Your Vendor’s Vendor
You have a wonderful contract in place, and you have defined the most elegant quality agreement ever seen, but what about that subcontractor? It is important to understand the subcontractors and vendors being used by your supplier. Some suppliers are hesitant to give this information (because of trade secrets or pricing) but it is essential that you know where critical parts and materials are being sourced from.
- Who is providing the API or Raw Materials to my Supplier?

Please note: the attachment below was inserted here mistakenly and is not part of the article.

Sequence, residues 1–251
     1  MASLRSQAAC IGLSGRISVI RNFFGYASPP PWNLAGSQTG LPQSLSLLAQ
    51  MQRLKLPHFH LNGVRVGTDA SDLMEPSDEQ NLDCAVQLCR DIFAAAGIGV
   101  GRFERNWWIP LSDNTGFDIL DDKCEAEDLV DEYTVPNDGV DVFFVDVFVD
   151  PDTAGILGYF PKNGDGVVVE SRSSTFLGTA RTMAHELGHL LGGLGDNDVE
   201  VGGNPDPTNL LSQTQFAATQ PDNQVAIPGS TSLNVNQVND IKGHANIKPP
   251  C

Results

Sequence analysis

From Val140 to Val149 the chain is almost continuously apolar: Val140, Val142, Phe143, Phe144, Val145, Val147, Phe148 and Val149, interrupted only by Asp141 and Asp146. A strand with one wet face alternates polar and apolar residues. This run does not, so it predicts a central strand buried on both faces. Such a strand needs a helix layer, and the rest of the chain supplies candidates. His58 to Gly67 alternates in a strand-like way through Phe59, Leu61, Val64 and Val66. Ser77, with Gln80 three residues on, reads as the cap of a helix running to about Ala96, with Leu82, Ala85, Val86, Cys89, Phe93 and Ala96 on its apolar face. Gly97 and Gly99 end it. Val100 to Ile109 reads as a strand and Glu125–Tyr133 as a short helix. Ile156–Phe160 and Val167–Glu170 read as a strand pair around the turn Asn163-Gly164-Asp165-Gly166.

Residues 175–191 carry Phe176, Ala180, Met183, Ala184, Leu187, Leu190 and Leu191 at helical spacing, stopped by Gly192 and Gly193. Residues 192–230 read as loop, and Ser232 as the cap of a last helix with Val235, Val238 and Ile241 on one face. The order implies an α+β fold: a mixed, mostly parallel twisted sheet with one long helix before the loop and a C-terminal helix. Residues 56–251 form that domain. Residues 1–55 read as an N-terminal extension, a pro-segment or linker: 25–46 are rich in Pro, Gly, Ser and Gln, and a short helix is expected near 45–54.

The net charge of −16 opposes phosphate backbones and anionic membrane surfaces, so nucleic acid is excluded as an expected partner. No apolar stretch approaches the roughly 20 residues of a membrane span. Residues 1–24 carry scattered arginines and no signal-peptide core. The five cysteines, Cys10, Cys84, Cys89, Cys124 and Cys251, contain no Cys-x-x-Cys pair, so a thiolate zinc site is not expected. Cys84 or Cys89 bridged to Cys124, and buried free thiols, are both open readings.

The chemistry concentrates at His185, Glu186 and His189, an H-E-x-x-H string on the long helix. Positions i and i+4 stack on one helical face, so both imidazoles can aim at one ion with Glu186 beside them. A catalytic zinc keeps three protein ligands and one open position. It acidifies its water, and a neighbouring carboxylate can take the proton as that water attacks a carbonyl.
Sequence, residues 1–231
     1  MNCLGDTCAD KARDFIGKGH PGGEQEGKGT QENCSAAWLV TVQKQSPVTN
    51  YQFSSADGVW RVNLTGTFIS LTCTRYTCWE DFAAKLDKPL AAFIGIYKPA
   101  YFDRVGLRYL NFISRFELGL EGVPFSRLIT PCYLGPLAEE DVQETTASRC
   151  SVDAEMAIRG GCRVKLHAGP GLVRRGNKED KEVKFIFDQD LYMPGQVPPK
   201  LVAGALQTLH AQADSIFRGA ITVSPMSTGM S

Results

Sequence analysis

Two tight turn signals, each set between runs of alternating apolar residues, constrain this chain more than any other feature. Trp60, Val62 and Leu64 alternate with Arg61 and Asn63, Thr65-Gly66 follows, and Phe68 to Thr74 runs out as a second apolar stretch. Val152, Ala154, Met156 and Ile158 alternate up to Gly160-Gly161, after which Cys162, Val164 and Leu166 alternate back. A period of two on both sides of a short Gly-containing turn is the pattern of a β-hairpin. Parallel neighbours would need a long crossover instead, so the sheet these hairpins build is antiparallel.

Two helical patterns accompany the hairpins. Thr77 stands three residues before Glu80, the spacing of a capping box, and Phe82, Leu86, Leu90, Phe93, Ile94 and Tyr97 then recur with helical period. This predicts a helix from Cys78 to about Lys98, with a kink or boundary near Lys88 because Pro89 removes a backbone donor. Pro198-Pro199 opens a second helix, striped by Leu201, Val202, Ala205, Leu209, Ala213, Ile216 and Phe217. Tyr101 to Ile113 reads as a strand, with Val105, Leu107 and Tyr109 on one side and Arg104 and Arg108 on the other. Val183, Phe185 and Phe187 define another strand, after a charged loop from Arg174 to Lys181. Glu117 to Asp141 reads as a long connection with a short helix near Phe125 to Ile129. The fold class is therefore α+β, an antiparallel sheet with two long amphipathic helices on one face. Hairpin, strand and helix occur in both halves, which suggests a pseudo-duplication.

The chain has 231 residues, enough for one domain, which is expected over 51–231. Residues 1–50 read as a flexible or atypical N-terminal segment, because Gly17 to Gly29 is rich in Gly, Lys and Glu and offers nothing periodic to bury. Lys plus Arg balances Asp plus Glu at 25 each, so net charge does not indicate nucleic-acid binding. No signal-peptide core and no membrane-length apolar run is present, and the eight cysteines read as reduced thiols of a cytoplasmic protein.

- Where do the subassemblies come from?
- What outside laborites or central cell banks are in use?
- Are these companies certified? Do they have a quality system? How is the quality of the material being checked by the Supplier?
- Is there a possibility for a disruption in the supply chain from a subcontractor?
- Has my Supplier sourced multiple vendors or backup vendors for this material or service?
Go through the product or service being supplied to you & make sure you understand the critical parts. What influences or impacts these parts? Does Your supplier control these directly? Is your pricing and terms conditional on another vendor?
Regulatory Agencies and Notified Bodies